Monday, June 17, 2013
Honk if You Like Trees!
A shade tree is a blessing in the heat of the summer day. With a grassy cushion or soft chair to protect your backside from the bumpy roots, it’s a great place to enjoy a good read. Shel Silverstein praised the tree in his book, “The Giving Tree” as have many other authors in poetry and essays over the years.
We, too, felt the need to recognize these earthy friends in our traveling books. We cannot fail to mention the gifts that trees give to landowners, shoppers, sightseers, farmers, and children of all ages.
In our Illinois, Missouri, and Kansas books we talked about the Willows, Oaks, Hickories, Osage-Oranges, Red Cedars, and Cottonwoods.
Here are a few stories to share with you about the diversity and wonderment of those living creatures in which we are surrounded by but rarely acknowledge during our day.
From Traveling Through Illinois
Mile 137 Cottonwood Commerce-- If you are driving along this stretch of the highway in winter, snow may be flying past your windshield, but if you are passing through in June you may also see flurries. The trees in a row on your right are Eastern Cottonwood trees, whose tiny brown seeds are parachuted by cottony hairs that float across the highway like a summer snowstorm. Notice how the heart-shaped Cottonwood leaves seem to be continually moving. Cottonwood leaves constantly flutter because they have flat, rather than round, stems that make them twirl and twist wildly in the slightest breeze. Indian tribes shaped these tree trunks into sturdy canoes for their trips of commerce and companionship across the state. With hot coals, they would first burn the trunk and then scrape out they charred wood to sculpt their dugout canoes. Canadian explorers, Marquette & Joliet, traveled the Illinois and Mississippi River in birch bark canoes, but would have fared better on a Cottonwood craft if they would’ve ventured into turbulent waters. Plains and Prairie Indian tribes found Cottonwood canoes sturdier than the birch bark canoes of the northern woodlands.
Cottonwoods still contribute to commerce. If you stopped for an ice cream treat during your drive today, you may have held a cottonwood stick in your hand. The wood is used for such things as ice cream sticks, kites, veneer, baskets, pulpwood, and fuel. These lively trees are fast-growers, but short-lived. Years from now, this stand may be gone, but most likely, somewhere along I-55, you’ll still see these seed aviators planting products across the prairie.
from Driving Across Kansas
177 Water-loving Willows - Willows and water go together. Old Testament prophets, Shakespeare, and a multitude of writers and artists for centuries have linked willows and water. Unlike some literary linkages, this association is biologically accurate. Willows require an abundance of water and can survive long periods of flooding. These attributes make them the perfect shoreline tree. Willows serve an important function in preventing erosion of banks in ponds and streams. Willow roots form dense mats that hold the soil particles in place instead of being washed away by waves or flowing water.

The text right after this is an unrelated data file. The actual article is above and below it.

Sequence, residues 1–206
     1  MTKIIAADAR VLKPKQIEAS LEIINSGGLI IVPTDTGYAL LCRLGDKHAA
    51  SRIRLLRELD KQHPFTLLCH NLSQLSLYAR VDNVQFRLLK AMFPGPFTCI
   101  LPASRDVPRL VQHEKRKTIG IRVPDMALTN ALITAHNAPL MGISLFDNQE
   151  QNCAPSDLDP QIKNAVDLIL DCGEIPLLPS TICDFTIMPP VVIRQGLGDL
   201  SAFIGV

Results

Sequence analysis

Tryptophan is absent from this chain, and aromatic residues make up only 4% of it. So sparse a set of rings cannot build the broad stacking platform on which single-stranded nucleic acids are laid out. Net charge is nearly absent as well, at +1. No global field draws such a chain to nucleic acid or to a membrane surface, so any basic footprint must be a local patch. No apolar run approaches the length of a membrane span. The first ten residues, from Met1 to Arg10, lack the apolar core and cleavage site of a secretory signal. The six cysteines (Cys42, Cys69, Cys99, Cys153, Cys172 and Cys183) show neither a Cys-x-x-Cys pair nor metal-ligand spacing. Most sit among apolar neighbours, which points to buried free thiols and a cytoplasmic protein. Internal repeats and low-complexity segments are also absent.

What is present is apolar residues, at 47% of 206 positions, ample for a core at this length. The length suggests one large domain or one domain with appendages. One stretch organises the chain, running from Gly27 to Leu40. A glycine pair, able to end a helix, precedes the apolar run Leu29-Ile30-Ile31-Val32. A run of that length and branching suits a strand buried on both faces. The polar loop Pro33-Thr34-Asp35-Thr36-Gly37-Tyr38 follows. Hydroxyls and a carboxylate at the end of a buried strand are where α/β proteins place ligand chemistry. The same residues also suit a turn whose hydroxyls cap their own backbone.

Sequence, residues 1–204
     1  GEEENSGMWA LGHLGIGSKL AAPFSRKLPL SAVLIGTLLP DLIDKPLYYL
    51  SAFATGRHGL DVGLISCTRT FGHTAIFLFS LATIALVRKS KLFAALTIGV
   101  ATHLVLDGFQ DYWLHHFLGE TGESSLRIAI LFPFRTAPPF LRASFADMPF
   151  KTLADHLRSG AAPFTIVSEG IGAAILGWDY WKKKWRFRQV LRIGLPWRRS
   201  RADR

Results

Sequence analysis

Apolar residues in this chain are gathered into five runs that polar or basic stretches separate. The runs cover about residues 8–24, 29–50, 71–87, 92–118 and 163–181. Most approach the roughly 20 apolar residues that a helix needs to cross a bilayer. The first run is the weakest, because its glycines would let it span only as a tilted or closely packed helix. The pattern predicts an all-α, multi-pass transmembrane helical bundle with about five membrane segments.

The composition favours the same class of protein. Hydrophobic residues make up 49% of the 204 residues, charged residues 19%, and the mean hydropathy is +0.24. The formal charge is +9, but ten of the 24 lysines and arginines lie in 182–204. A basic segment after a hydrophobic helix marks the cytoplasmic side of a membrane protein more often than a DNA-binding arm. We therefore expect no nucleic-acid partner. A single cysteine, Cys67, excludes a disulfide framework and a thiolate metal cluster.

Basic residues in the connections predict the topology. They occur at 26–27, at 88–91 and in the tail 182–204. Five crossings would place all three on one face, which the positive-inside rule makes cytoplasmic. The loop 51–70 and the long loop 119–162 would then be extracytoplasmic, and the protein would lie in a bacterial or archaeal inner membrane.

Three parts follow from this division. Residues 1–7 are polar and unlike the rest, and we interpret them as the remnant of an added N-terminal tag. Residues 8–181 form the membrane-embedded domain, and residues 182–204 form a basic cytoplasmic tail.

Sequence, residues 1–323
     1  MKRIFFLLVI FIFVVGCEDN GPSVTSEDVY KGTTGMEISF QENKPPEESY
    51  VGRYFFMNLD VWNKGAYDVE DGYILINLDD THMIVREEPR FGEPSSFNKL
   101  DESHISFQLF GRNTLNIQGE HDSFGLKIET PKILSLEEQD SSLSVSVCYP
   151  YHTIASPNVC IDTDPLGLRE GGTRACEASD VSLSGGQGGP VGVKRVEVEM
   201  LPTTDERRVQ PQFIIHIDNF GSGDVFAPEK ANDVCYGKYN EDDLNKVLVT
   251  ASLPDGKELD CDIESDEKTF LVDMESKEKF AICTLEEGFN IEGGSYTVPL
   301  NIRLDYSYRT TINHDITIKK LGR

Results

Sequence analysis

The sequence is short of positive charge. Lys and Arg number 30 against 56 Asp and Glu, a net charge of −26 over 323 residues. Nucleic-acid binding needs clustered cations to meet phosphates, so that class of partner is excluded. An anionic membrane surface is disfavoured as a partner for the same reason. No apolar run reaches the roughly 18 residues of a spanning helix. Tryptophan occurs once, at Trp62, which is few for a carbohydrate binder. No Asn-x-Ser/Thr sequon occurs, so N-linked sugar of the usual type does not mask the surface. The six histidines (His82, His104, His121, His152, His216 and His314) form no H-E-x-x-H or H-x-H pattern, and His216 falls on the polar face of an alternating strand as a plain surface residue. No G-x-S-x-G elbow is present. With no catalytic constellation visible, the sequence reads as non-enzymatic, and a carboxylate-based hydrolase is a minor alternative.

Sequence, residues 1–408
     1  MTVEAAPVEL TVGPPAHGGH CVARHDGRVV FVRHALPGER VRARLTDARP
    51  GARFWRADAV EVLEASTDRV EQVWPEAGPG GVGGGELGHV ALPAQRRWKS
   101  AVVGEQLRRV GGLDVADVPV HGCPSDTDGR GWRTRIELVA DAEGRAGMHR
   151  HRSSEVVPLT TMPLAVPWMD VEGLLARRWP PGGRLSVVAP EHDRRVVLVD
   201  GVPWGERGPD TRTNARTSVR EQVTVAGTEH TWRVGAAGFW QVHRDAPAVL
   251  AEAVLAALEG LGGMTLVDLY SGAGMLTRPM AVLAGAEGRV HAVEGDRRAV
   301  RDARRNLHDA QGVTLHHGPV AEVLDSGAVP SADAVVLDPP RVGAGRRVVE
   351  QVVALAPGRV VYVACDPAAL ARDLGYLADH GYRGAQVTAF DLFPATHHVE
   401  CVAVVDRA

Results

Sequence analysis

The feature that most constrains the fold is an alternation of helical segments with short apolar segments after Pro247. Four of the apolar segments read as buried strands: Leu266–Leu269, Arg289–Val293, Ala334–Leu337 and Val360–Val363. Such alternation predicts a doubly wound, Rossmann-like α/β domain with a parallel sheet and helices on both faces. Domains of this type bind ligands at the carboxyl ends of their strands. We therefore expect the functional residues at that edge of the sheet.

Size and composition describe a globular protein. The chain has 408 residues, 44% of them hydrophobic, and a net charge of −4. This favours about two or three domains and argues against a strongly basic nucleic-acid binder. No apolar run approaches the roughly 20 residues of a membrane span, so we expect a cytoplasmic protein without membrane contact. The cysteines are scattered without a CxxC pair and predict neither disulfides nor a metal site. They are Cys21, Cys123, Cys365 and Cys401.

Native Americans used willow wood and limber willow sprouts to make traps, tent poles and stakes, mats, baskets, drums, meat-drying racks, and many other things. Today willow wood is sometimes used for boxes, crates, and furniture parts. A specialty use of willow wood is for artificial limbs for amputees.
Willows were a living pharmacy for both Native Americans and European settlers. Virtually every potential health problem known was treated with teas or pastes made from parts of the willow tree by some group of people on the Plains. Even “chew-sticks,” the precursor to tooth brushes, often were willow twigs. These willow chew sticks may have provided other dental health benefits from the chemicals in the wood. Salicin, a painkiller used in modern pharmaceuticals, is found in willow bark and leaves.
The familiar Weeping Willows are not a native species, but rather they originated in China. Weeping Willows were brought to Europe in the 1700s and eventually found their way to North America where now they are popular ornamental tree.
Written for, but not included in Driving Across MissouriSycamores - You can easily identify sycamores from the highway because they have white, tan, and greenish mottled bark. Sycamores grow where there is plenty of water so they are found along streams and rivers. Notice this tree is sitting in a damp low spot. Sycamores are the largest trees east of the Rockies. They can stand 150 feet tall and their crowns can be more than 100 feet across. Sycamore wood is hard, but it often rots from the inside so only the outer trunk supports the tree. Hollow trunks and branches become wildlife apartment complex for raccoons, opossums, bats, owls and other cavity-nesting birds. Settlers used huge trunk cavities, some as big as 125 square feet, as storage rooms and even homes. Sycamore wood has been used for dugout canoes, wagon wheels, barrels, and furniture.
How many trees do you think you pass on a day’s drive? Amazing how easily we overlook them, isn’t it?